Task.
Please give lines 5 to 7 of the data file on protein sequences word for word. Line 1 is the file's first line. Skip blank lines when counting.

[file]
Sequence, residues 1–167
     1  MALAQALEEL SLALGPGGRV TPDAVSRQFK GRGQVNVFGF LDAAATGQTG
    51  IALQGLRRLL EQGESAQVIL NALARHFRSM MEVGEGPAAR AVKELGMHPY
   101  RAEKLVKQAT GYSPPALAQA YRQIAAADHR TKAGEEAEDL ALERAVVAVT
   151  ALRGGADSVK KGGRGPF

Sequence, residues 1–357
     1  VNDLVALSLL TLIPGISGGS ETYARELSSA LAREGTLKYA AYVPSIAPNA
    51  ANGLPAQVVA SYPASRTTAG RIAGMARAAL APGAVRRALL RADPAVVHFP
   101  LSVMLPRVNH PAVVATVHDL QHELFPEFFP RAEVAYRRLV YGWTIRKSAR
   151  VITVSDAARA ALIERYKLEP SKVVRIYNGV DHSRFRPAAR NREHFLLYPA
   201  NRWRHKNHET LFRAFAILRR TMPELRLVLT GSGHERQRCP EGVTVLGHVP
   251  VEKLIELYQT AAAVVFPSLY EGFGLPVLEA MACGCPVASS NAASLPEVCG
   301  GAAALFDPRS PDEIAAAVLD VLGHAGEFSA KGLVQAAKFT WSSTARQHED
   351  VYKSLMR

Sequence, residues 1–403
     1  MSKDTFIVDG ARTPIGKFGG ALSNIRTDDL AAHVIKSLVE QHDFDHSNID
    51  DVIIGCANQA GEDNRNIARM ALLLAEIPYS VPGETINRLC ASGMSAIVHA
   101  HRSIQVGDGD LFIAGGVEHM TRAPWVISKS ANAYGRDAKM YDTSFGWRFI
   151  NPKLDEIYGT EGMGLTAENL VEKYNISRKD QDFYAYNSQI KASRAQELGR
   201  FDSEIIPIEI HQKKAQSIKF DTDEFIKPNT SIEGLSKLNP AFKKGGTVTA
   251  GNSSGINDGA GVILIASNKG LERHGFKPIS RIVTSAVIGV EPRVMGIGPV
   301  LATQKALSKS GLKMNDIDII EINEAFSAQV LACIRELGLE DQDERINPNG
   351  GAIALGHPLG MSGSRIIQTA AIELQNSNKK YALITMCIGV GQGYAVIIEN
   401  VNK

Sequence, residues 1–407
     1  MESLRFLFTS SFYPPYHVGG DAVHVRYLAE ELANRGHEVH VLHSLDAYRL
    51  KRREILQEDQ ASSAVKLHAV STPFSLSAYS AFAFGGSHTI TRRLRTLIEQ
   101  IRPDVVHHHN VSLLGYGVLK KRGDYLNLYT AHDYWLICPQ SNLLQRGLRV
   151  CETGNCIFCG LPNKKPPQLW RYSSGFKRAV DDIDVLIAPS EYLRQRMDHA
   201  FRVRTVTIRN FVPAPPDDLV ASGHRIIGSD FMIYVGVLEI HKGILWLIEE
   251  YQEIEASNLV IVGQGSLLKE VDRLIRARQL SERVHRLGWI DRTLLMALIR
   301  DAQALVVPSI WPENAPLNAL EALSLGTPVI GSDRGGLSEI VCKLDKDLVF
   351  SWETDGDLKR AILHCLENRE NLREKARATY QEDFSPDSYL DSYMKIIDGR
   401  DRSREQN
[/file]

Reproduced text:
   151  ALRGGADSVK KGGRGPF

Sequence, residues 1–357
     1  VNDLVALSLL TLIPGISGGS ETYARELSSA LAREGTLKYA AYVPSIAPNA